Meatless Mexican munchables.

Are you sure this is vegetarian?

If there’s one thing that my little brother loves to eat, it’s meat.  There are few things that he would prefer to have on his plate and to have a meal without it is not something he relishes.  Therefore, my invitations have usually contained a reference to an exciting meat dish that we can share while we catch up on what’s been going on in our lives and have a laugh.  It was with some trepidation, then, that I arranged to cook a meal for him that did not contain the magic ingredient.  My anxiety was heightened because I had only decided at the last minute to cook a vegetarian meal and I wasn’t sure how he would react.

My wife is a vegetarian and  loves Mexican food.  I’ve managed to cook up some Mexican style stuff on a regular basis using veggie ingredients and even I don’t miss the meat because there’s always lots going on flavour-wise.  I make sure that I’ve got lots of fresh coriander, red chillies and tomato salsa to keep things interesting.  If we’re having fajitas, I use Quorn chicken pieces.  If we are in the mood for chilli, I use Quorn mince or something similar from other supermarkets.  At first, I found it disappointing and slightly strange, but I’ve stopped thinking of Quorn as a replacement for meat and just use it like an ingredient.  The taste is good.  It’s the texture that doesn’t always work in certain dishes.  I’m very confident when cooking with Quorn now because I’ve used trial and error to learn how to use it best.  Mexican food is perfect for it because the cooking methods stay the same as with meat and the results are very good indeed.

For my bro, I served up two dishes hoping to hit the mark with at least one of them.  Chilli beef tacos made with Quorn mince and chicken quesadillas made with Quorn chicken style pieces.  He loved the quesadillas, so that’s the recipe I’ve included below.  I’m slightly embarrassed because as you’ll see, it’s hardly a recipe at all.  However, it is a very quick meal to prepare and they’re surprisingly filling.  Quesadillas are also about as versatile as it gets so they’re great for using up ingredients or just experimenting.  My carnivorous sibling certainly ate his fill!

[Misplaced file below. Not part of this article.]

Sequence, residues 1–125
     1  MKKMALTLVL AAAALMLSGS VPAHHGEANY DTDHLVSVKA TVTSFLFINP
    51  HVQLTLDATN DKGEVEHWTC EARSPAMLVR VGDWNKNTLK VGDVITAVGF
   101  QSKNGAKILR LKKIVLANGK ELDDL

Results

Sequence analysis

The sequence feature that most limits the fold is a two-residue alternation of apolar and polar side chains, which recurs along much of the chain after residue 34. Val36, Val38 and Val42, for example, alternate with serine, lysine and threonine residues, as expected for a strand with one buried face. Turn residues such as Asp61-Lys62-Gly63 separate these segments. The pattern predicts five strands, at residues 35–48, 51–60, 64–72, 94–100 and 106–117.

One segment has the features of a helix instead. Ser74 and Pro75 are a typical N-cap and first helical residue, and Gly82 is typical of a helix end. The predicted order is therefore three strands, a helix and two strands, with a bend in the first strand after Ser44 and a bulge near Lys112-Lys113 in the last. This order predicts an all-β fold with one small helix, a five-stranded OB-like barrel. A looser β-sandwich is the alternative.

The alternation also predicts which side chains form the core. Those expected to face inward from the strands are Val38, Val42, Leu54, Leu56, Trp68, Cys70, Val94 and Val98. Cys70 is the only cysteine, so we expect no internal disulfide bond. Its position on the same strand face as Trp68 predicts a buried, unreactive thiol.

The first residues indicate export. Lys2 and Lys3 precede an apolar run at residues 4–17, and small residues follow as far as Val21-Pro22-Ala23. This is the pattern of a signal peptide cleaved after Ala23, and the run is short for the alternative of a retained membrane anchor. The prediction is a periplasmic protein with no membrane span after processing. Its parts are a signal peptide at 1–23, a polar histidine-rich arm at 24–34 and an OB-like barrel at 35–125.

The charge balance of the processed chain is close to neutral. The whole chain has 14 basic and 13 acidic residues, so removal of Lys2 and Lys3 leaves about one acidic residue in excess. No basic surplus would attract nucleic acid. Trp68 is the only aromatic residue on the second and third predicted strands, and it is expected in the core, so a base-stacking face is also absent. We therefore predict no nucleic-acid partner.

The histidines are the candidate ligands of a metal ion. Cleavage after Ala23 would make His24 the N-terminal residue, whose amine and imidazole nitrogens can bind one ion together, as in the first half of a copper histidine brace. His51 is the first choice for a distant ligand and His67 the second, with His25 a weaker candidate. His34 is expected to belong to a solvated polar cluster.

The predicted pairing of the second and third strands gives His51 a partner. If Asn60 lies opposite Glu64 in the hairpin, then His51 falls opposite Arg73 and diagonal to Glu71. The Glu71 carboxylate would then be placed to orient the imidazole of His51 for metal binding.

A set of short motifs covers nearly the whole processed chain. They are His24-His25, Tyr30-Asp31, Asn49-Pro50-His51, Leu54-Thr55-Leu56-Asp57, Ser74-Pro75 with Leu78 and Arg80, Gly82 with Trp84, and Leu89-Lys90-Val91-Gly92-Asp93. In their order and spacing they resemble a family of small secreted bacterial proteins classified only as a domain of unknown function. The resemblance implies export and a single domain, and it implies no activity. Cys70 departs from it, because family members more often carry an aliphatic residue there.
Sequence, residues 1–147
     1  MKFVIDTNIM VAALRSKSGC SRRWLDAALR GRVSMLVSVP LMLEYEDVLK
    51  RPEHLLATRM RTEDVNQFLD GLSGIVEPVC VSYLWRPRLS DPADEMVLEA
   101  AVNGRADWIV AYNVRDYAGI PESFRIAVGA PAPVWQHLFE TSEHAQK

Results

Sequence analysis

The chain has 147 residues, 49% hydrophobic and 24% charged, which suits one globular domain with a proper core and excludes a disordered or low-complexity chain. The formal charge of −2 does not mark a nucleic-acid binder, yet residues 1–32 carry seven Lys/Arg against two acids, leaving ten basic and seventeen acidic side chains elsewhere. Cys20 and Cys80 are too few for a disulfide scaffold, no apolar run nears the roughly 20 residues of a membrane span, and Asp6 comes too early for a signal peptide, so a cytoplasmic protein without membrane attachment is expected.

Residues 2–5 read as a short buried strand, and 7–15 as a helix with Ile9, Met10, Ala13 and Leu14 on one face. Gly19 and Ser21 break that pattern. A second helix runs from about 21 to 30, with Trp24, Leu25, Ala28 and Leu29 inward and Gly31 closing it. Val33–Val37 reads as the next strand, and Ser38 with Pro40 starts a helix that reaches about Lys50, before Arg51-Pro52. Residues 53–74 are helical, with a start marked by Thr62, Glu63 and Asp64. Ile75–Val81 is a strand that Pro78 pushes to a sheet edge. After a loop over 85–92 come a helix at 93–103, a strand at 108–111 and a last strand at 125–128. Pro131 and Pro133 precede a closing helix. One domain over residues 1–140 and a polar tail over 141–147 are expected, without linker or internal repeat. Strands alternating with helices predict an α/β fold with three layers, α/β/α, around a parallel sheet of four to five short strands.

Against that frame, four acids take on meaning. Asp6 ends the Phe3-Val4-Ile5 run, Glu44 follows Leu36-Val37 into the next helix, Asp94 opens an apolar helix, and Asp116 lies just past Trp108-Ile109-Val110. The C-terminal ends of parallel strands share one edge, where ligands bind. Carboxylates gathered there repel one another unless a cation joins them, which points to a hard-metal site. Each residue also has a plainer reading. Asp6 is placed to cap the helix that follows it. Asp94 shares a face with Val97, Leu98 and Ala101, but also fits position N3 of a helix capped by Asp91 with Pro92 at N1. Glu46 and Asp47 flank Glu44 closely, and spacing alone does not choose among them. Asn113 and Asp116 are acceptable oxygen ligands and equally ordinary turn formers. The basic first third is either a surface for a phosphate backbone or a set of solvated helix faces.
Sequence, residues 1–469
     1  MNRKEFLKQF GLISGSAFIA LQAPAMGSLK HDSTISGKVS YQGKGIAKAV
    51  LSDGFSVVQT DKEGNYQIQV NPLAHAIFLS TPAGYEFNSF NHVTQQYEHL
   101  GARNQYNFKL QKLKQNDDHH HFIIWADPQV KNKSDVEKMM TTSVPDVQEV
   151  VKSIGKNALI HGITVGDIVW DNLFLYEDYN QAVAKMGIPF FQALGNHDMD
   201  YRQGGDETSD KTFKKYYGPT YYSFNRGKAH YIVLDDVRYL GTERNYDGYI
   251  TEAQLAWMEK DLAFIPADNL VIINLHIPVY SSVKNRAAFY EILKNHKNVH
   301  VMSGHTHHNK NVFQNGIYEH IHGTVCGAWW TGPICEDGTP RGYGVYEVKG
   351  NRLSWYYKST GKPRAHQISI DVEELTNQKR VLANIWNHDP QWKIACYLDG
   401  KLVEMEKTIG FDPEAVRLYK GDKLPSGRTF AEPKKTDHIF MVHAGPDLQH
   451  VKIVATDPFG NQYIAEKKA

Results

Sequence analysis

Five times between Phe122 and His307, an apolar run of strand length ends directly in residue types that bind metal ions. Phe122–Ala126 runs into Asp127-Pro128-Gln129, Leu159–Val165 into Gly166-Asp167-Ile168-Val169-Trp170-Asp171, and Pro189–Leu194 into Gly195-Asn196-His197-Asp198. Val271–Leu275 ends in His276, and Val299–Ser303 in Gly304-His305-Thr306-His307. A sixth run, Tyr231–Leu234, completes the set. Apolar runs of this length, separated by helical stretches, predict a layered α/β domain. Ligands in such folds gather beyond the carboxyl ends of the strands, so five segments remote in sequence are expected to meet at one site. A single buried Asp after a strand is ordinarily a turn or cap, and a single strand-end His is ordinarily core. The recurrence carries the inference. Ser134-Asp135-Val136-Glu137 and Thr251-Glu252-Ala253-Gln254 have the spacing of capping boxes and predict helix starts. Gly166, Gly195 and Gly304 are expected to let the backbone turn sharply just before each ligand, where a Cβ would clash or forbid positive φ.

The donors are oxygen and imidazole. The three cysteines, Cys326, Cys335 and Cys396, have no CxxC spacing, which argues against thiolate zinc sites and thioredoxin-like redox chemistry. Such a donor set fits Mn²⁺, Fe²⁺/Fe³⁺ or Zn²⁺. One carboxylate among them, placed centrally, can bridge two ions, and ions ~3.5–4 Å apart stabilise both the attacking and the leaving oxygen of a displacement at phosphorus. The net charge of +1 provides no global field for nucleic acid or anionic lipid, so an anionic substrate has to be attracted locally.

Veggie quesadillas (made with Quorn pieces)

300g Quorn chicken style pieces

6 flour tortillas

1 red chilli (sliced)

handful of fresh coriander (chopped)

1 bunch spring onions (sliced)

1 red pepper (sliced)

1 tspoon smoked paprika

1 tspoon dried oregano

300g Cheddar cheese (grated)

vegetable oil

salt & pepper

Heat a little oil in a wok or frying pan until almost smoking and then add the Quorn pieces, paprika and oregano.  Toss until the pieces are coated and season with salt and pepper.  Heat a large frying pan and place a tortilla in it without any oil.  Sprinkle large amounts of grated cheese onto the tortilla and top with the remaining ingredients.  Add more cheese on top and press another tortilla onto this to make something resembling a pizza-sandwich.  When the cheese has melted and the bottom is golden, turn the quesadilla over and continue to heat it gently.

These are great with the usual suspects: guacamole, sour cream and salsa.  Cut them into quarters and serve immediately.

Summer is definitely here!

Don’t risk it, brisket.

I’m not sure if it’s the value for money or the wonderful results that are currently making brisket my go-to cut of beef.  There’s something about brisket that screams, “Weekend treat!” and I guess it’s the amount of cooking time involved.